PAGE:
Strabismus Causes and Treatment

man with lazy eye

In order for your eyes to focus normally, six muscles around each eye must work together. When your two eyes see different images, your brain tends to favor the stronger eye. This means the weak eye gets weaker, resulting in amblyopia, or “lazy eye.”

Risk factors for developing strabismus may include farsightedness and a family history of the disorder. Both adults and children suffer from strabismus, but the causes are different. For adults, causes include:

  • Diabetes
  • Stroke
  • Botulism
  • Graves’ disease
  • Shellfish poisoning
  • Guillain-Barré syndrome
  • Cranial nerve palsies
  • Tumors
  • Eye injuries
  • Traumatic brain injury
  • Vision loss

Treatment

Treatment for strabismus involves a few steps. First, your eye doctor will determine whether you need glasses. Then, he or she will treat your amblyopia. This typically involves wearing a patch over the stronger eye, forcing the weak eye to work harder. This can be frustrating and tiring, but is an important step.

Next, you might need surgery to help the eye muscles work together correctly. This surgery can be done at any age. Eye alignment surgery is generally performed as an outpatient procedure, often with local or regional anesthetic. However, in some cases, it might require hospitalization. Most people can return to their regular activities within a few days. Your doctor might restrict swimming and heavy lifting for several weeks.

The reasons to have eye alignment surgery go way beyond cosmetic benefits. Eye misalignment can cause disabling and dangerous double vision. Since people with strabismus are often self-conscious about this condition, getting alignment surgery may improve your circumstances emotionally, socially and even economically.

What to Expect After Treatment

Any type of surgery bears risks, including infection, bleeding and anesthetic complications. The most common risks for strabismus surgery are double vision and residual misalignment. In rare cases, patients may suffer retinal detachment or decreased vision. However, most patients experience a significant improvement in eye alignment after surgery. They may feel pain and a pulling sensation around the eyes for a few days. Usually over-the-counter pain relievers can address this level of discomfort.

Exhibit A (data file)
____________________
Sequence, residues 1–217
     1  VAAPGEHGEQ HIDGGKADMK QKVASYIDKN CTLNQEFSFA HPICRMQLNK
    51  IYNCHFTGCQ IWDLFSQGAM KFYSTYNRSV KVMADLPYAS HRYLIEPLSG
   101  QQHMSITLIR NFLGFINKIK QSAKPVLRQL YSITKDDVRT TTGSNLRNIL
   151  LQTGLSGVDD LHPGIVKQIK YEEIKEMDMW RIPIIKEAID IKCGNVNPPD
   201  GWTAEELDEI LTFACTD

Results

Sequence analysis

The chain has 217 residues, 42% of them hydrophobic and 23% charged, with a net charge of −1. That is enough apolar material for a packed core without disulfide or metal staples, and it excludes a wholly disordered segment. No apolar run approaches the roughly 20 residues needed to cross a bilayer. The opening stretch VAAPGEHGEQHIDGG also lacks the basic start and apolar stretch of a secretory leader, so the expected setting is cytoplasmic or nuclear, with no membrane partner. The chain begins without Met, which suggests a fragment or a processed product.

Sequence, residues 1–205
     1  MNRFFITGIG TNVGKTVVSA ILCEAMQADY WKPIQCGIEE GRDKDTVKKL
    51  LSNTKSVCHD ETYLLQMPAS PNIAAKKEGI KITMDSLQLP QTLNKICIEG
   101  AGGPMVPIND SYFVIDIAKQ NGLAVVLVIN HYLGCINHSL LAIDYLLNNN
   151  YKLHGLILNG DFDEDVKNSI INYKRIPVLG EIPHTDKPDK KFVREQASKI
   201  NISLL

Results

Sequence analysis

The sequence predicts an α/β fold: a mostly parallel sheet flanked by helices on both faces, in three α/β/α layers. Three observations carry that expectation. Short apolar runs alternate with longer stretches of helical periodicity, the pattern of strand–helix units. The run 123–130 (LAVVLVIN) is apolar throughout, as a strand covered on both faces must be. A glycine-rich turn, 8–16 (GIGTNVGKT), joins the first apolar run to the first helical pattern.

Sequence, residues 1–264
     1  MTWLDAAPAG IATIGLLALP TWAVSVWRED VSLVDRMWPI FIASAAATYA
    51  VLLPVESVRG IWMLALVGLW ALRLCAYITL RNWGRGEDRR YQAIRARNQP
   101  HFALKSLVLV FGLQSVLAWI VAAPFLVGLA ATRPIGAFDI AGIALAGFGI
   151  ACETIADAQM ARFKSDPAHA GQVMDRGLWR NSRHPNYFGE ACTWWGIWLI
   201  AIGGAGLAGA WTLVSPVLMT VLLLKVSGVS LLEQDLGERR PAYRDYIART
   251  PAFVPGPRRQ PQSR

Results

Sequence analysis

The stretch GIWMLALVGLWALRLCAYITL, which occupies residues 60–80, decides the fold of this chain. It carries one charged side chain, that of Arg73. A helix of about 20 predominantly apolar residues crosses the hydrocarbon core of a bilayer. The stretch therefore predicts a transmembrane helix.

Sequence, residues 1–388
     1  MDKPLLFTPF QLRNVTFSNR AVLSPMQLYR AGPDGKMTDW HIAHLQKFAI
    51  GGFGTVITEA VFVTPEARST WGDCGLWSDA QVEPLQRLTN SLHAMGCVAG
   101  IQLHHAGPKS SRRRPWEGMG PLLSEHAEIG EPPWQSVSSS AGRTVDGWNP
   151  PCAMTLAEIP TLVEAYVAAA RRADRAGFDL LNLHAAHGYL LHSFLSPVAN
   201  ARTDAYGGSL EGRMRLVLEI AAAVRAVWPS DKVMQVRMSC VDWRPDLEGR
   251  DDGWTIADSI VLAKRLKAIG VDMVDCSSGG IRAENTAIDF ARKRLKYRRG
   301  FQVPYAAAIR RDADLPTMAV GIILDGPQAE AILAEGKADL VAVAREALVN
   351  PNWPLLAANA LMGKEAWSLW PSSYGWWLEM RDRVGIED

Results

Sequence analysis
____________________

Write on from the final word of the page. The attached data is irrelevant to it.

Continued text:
If you suffer from strabismus and would like to discuss your treatment options, call our clinic today.

Exclusive Offer

New patients receive 15% OFF* first visit.

Hours of Operation

Our Regular Schedule

Monday:

9:30 am-7:00 pm

Tuesday:

9:00 am-5:00 pm

Wednesday:

Closed

Thursday:

9:00 am-5:00 pm

Friday:

9:00 am-5:00 pm

Saturday:

8:30 am-12:00 pm

Sunday:

Closed

Location

Find us on the map

Announcements

  • "Resler-Kerber #1!

    Thank you North County for voting
    Resler-Kerber Optometry, Inc. #1"

Featured Articles

Read up on informative topics

  • New Year, New Vision in 2020

    Tired of squinting when you read? Add an eye exam to your list of New Year's resolutions. ...

    Read More
  • How To Read Your Eyeglass Prescription

    Have you ever wondered what your eyeglass prescription says about your vision? ...

    Read More
  • Are Floaters A Sign Of Something Bigger?

    Worried about floaters? Find out when this common vision symptom can be a sign of a serious problem. ...

    Read More
  • Frequently Asked Questions

    Why do I need to see an eye care provider? Many “silent” diseases, such as glaucoma and diabetes, can only be detected through regular eye exams. When these conditions are discovered earlier rather than later, they become easier to treat or manage, allowing for better long-term preservation of eyesight. ...

    Read More
  • Pediatric Ophthlamology

    Ophthalmology addresses the physiology, anatomy and diseases of the eyes. Pediatric ophthalmology focuses on the eyes of children. Pediatric ophthalmologists examine children’s eyes to see if they need corrective lenses or other treatments to improve their vision. Training for Pediatric Ophthalmologists Pediatric ...

    Read More
  • Allergies

    Caused by the same irritants as hay fever, runny nose, coughing, and sneezing, eye allergies commonly affect those who suffer from other allergy symptoms. Not only do eye allergies cause discomfort, but they can also interfere with daily activities. Eye Allergy Causes Medically referred to as allergic ...

    Read More
  • Learning-Related Vision Problems

    Learning disabilities may include dyslexia, math disorder, writing disorder, auditory processing deficits, or visual processing deficits. Although each child with a learning disability is unique, many also have associated visual problems. Addressing these vision disorders may alleviate some symptoms ...

    Read More
  • UV Radiation and Your Eyes

    Optometry warnings about the damaging effects of ultraviolet radiation on our eyes have not yet reached the degree of public awareness of that of skin damage. Yet, the sun can be just as damaging upon our eyes with unprotected exposure. Short-term exposure to very bright sunlight can result in a type ...

    Read More
  • How To Protect Your Eyes While Wearing Halloween-Themed Contact Lenses

    Spooky novelty contact lenses can make your Halloween costume even scarier, but are they safe? ...

    Read More
  • Fuchs' Corneal Dystrophy

    Fuchs' dystrophy (pronounced fooks DIS-truh-fee) is an eye disease characterized by degenerative changes to the cornea’s innermost layer of cells. The cause for Fuchs' dystrophy is not fully understood. If your mother or father has the disease, then there is roughly a 50 percent chance that you will ...

    Read More

Newsletter Signup

Sign up for more articles